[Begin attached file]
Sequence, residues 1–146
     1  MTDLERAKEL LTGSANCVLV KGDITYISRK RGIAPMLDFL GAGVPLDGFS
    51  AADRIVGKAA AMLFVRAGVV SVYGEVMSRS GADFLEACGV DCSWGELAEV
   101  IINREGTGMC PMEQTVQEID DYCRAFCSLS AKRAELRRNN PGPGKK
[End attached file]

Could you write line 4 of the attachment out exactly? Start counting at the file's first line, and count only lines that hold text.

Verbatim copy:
   101  IINREGTGMC PMEQTVQEID DYCRAFCSLS AKRAELRRNN PGPGKK